We know a father who had the bright idea of introducing his two sons to the stock market. The kids’ ages? About 12. Oh, that’s so young, you think! But the father knew exactly what he was doing.
The two sons were paperboys for years. The father said: “Give me part of your savings, and I’ll explain the selection criteria for companies. We’ll make choices together. If you make a profit, you keep it. If you lose money, I’ll reimburse you.” The two sons had made a tidy sum of money by the time their dad told us the story. And that doesn’t include the priceless knowledge that they acquired.
Can we teach children that young about how mortgages work? Yes, says author Gail Vaz-Oxlade, although the ideal age is around 14. As soon as a child shows an interest in owning a property in the future is the time to take action. Make the learning process like a game: You become the lender and your child becomes the future owner.
The beginnings of the game are relatively simple, with the price of the property, amount of savings available, importance of the first payment and total loan amount. The instruction gets tougher with the concept of depreciation: the longer the repayment period, the smaller the monthly payment and the higher the interest fees in the long run. If the repayment period is short, the monthly payment is larger and the interest fees decrease.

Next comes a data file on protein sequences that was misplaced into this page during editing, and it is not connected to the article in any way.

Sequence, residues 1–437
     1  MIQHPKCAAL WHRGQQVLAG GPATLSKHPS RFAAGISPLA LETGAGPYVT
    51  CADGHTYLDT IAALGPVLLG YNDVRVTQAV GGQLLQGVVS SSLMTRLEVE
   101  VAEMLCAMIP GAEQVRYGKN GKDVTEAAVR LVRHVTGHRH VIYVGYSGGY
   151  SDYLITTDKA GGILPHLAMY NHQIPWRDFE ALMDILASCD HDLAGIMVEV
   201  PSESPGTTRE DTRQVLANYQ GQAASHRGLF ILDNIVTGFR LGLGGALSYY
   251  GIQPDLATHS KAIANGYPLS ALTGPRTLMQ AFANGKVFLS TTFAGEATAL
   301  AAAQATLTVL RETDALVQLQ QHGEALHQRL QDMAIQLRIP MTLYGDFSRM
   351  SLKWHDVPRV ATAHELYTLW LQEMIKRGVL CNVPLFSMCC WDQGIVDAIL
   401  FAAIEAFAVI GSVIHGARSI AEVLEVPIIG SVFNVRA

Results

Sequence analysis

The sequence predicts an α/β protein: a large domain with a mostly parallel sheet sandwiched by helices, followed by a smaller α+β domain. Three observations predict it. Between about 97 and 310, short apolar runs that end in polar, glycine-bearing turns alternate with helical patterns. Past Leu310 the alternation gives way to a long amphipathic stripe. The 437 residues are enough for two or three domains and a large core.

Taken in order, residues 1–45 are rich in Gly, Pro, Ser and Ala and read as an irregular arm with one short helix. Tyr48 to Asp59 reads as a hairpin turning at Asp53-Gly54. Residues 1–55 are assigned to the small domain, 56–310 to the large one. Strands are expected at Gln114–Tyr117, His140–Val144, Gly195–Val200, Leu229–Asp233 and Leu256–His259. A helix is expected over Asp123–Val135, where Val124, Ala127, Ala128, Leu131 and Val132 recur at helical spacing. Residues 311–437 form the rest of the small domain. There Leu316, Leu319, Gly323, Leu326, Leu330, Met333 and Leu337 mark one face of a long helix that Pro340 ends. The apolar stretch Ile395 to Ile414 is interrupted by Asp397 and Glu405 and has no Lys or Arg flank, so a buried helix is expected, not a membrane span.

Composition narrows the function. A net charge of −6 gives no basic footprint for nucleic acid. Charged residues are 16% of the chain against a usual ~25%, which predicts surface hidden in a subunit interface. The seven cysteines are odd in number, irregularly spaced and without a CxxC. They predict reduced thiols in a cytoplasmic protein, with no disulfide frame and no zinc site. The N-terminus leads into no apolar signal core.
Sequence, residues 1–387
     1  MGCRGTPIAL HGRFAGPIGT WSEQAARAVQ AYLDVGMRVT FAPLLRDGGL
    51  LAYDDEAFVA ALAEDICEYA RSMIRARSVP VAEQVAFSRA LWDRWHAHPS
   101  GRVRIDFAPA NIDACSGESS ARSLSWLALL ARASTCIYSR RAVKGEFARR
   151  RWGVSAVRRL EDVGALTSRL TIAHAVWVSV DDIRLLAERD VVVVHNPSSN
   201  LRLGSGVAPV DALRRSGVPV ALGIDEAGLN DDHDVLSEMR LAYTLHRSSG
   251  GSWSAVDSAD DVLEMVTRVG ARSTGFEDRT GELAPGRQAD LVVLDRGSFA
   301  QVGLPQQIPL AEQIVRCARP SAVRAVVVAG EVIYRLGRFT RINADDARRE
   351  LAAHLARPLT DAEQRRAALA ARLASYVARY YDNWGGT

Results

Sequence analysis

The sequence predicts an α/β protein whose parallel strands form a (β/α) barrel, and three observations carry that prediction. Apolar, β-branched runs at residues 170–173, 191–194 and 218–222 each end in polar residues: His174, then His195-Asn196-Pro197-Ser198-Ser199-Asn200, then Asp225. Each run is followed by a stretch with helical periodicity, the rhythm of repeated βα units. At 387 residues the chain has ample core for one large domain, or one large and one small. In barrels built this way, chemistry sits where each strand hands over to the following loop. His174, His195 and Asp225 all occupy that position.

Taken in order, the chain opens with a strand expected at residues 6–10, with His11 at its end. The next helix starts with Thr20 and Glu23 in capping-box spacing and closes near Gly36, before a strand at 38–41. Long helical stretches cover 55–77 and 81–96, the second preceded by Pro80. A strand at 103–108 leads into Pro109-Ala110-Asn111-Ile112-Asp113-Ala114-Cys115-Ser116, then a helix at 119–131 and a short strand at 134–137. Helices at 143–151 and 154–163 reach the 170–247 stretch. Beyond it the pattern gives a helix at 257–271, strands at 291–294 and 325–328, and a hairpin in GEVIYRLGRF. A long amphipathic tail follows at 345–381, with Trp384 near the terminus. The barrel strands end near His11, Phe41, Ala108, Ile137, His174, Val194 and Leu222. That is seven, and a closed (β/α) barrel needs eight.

At this point, your child’s character comes into play, and you need to respect it. He makes the decision at the time that he’s aware of the consequences of his choice. That’s an indispensable rule of the game. Vaz-Oxlade suggests that the child select a residence or duplex for sale somewhere, then the parent breaks down all the steps with him, beginning with the actual property price (unless it’s the child who makes all the choices, from the beginning to the end). You give them several mortgage scenarios: a 5% mortgage over 10, 20 or 30 years, or an 8% mortgage, and so on.
The goal is to get the child to reflect and to do multiple calculations. The more he does, the easier the process becomes for him. Doing mental calculations concerning finances will become second nature for him.
Above all, remember that it’s just a game. If the child isn’t into it, he’ll quickly lose interest.
Note: Gail Vaz-Oxlade has written a number of books about money: A Woman of Independent Means, Shopping for Money and The Retirement Answer Book. She regularly writes articles for The Globe and Mail, Chatelaine, IE: Money, and Investment Executive.